All Hallows

Yesterday was All Hallows’ Eve, which makes today All Saints’ Day. Yesterday was also in warm and brilliant sunshine the last day of autumn (by my calculations anyway!) – the autumn colours burnt in the sun as I’ve rarely seen them, a multitude of shades, with their own luminescence – as if they didn’t need the sun to make them glow. Today is the first day of winter – the cloud is down on the hills, there’s a chill, the fire must be lit soon, and the leaves are thick on the ground. I raked them in the sunshine yesterday, but they’ve returned, and if I rake again, this time in the damp and gloom, they will return again, until the last one has fallen and I can put the rake away.

Yes, there’s an elegiac quality to all this. I listened to the adagio from the Elgar violin concerto driving back along the A419 heading toward the Cotswolds yesterday. That caught the mood. I knew this was the last day, the last of autumn, and there were not two hours till sunset.

The day before I’d listened to David Mellor on Classic FM, playing music from the Philharmonia under Otto Klemperer. A recording of Mahler’s Resurrection symphony when the great conductor was already in his 80s. He took it slowly. About the same time the recording was made I was, I remember, at a party at Professor Gombrich’s house. Ernst Gombrich was my professor at the Warburg Institute. Frau Gombrich mentioned they were going to hear Otto the following day. Otto being Klemperer. All with Viennese Jewish backgrounds, and the connections were still strong.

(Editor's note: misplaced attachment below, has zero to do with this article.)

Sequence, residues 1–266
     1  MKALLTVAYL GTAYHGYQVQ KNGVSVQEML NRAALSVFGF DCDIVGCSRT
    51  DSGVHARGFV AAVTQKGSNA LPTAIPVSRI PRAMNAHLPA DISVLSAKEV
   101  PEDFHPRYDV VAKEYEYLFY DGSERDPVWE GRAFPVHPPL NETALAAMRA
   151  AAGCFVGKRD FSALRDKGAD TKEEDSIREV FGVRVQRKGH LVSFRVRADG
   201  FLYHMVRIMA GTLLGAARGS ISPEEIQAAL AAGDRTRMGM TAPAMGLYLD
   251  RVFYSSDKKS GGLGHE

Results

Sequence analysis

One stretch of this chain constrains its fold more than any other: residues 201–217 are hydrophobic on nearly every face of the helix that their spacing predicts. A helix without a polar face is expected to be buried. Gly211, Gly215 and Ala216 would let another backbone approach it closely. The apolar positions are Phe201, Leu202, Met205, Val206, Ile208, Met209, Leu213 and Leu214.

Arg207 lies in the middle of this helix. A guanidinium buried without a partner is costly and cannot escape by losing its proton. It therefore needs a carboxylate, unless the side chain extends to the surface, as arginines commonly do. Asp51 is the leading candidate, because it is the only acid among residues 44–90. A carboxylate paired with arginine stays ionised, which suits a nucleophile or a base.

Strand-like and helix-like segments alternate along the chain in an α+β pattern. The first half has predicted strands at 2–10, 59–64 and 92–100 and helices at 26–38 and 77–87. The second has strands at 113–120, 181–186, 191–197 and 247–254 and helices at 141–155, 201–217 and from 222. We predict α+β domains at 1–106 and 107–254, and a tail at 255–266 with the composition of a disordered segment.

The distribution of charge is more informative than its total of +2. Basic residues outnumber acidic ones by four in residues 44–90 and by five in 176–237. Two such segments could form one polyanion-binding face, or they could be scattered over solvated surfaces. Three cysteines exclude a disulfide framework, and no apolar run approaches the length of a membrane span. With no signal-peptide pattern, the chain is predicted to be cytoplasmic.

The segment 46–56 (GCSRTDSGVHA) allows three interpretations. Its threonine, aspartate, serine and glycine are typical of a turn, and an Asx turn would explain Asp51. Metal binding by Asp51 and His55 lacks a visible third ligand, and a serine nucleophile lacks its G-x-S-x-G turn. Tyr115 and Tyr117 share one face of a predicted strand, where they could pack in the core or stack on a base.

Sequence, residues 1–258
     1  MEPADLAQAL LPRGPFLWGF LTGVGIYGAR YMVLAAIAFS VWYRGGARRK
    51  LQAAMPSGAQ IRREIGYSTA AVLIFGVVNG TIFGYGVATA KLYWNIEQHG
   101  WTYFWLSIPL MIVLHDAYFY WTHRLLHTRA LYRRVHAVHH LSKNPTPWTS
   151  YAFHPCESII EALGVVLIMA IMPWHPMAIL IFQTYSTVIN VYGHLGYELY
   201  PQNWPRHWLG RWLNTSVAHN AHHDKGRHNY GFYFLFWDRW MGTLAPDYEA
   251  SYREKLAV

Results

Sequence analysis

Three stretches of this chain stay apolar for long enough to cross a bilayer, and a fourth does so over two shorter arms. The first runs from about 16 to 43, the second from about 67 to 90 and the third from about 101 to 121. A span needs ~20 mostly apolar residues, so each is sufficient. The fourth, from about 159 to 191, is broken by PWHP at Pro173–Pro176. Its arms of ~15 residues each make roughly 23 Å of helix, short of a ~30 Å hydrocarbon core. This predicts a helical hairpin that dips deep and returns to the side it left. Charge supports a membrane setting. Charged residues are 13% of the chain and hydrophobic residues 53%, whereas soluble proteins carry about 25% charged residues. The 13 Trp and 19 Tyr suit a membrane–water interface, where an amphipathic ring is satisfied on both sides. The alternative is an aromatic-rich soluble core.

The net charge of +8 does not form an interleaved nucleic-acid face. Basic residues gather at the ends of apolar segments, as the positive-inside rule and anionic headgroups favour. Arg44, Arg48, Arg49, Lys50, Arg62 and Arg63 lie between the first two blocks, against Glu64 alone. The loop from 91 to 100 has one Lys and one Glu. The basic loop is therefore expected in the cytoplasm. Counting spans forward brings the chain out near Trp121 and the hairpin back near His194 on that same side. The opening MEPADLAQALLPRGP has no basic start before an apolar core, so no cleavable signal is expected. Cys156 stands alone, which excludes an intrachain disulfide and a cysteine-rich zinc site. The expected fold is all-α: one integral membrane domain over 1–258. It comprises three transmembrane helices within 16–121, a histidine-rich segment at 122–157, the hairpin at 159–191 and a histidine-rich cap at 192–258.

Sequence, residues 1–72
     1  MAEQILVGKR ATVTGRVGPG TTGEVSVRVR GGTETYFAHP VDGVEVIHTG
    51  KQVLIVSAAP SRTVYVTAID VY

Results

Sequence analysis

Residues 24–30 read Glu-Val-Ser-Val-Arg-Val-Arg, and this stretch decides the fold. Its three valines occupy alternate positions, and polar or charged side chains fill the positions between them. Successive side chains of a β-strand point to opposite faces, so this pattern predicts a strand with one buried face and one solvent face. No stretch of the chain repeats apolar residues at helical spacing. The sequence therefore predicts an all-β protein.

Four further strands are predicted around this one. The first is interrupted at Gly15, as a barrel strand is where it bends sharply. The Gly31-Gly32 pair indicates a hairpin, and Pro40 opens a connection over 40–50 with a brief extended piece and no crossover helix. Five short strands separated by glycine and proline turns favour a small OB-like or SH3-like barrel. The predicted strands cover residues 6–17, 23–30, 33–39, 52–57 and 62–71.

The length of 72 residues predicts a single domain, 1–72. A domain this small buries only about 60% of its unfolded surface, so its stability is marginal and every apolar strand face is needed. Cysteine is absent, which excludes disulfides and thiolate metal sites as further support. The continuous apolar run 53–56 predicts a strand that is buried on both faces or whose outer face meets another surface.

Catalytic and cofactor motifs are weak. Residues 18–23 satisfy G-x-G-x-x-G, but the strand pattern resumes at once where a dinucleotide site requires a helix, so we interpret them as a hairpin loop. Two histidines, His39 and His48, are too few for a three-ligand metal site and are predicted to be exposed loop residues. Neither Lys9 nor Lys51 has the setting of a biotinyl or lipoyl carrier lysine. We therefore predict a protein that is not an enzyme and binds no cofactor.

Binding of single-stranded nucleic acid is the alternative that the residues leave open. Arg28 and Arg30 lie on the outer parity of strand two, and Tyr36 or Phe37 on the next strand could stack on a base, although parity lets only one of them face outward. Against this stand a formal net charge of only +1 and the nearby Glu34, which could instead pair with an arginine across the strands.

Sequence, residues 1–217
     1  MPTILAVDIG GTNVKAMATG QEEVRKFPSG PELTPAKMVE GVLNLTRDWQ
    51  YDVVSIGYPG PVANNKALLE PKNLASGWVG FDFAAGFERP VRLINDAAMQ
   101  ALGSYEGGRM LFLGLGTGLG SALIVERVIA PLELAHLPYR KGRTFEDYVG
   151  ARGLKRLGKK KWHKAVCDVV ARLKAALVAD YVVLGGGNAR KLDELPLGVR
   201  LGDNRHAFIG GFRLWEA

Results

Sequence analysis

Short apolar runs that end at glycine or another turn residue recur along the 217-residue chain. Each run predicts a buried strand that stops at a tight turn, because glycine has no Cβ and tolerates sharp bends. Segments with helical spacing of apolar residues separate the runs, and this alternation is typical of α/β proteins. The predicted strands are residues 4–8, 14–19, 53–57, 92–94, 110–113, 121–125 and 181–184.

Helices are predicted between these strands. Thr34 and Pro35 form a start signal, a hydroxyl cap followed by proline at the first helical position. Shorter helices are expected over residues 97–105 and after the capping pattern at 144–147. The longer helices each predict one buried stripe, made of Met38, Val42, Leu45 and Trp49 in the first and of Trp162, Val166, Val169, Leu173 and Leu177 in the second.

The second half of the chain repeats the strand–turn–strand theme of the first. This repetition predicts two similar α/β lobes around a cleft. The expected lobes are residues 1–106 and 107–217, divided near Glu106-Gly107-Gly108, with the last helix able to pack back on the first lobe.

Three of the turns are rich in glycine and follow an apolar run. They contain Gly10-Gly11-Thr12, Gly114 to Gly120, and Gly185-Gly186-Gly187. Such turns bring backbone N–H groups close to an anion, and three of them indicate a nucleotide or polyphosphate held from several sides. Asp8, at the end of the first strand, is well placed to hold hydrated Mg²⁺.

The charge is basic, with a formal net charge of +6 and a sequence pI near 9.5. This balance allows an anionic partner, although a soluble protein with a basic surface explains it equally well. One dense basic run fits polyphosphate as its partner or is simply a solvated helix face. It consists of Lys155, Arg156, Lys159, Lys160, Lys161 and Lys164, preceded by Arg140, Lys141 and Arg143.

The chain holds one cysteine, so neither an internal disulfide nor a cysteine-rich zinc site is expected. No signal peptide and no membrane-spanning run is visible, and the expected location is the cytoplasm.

Klemperer had been recommended sixty  years before by Gustav Mahler (also that Jewish connection) to an orchestral position, and I felt my own connection listening to the final ecstatic bars of the symphony to Klemperer and Mahler. Almost a laying on of hands. Ridiculous in its way, but the music took me to another level. Triumphant – but also elegiac, and intensely moving.

Mahler died young, and two world wars had to work themselves out before Klemperer stood before the Philharmonia in the late 1960s.

I’ve felt betrayed by events this year – my values betrayed, values by which I’ve conducted by life over almost seventy years. The autumn leaves, the music, a sense of loss I wouldn’t ordinarily indulge. But I did this time, this once, just this once.

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